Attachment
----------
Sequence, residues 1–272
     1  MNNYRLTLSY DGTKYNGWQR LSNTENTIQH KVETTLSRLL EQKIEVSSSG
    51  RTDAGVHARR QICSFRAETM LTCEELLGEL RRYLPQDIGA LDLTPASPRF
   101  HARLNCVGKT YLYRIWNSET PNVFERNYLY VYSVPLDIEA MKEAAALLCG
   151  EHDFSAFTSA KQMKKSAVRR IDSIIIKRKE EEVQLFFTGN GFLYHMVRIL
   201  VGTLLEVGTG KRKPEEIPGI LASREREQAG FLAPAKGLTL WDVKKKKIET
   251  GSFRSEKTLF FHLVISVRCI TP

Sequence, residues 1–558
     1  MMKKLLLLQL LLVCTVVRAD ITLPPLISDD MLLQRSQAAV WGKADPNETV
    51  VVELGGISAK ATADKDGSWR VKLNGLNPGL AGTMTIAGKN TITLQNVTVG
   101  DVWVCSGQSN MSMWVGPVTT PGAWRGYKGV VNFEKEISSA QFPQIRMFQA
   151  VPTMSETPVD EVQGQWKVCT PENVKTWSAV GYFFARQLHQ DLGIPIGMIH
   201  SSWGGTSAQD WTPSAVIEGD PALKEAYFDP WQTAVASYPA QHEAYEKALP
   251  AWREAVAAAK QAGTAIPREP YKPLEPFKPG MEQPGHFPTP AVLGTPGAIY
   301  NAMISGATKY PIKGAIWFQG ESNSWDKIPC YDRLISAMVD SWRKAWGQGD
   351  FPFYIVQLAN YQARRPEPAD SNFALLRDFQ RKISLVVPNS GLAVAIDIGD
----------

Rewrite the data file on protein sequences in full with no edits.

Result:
Sequence, residues 1–272
     1  MNNYRLTLSY DGTKYNGWQR LSNTENTIQH KVETTLSRLL EQKIEVSSSG
    51  RTDAGVHARR QICSFRAETM LTCEELLGEL RRYLPQDIGA LDLTPASPRF
   101  HARLNCVGKT YLYRIWNSET PNVFERNYLY VYSVPLDIEA MKEAAALLCG
   151  EHDFSAFTSA KQMKKSAVRR IDSIIIKRKE EEVQLFFTGN GFLYHMVRIL
   201  VGTLLEVGTG KRKPEEIPGI LASREREQAG FLAPAKGLTL WDVKKKKIET
   251  GSFRSEKTLF FHLVISVRCI TP

Sequence, residues 1–558
     1  MMKKLLLLQL LLVCTVVRAD ITLPPLISDD MLLQRSQAAV WGKADPNETV
    51  VVELGGISAK ATADKDGSWR VKLNGLNPGL AGTMTIAGKN TITLQNVTVG
   101  DVWVCSGQSN MSMWVGPVTT PGAWRGYKGV VNFEKEISSA QFPQIRMFQA
   151  VPTMSETPVD EVQGQWKVCT PENVKTWSAV GYFFARQLHQ DLGIPIGMIH
   201  SSWGGTSAQD WTPSAVIEGD PALKEAYFDP WQTAVASYPA QHEAYEKALP
   251  AWREAVAAAK QAGTAIPREP YKPLEPFKPG MEQPGHFPTP AVLGTPGAIY
   301  NAMISGATKY PIKGAIWFQG ESNSWDKIPC YDRLISAMVD SWRKAWGQGD
   351  FPFYIVQLAN YQARRPEPAD SNFALLRDFQ RKISLVVPNS GLAVAIDIGD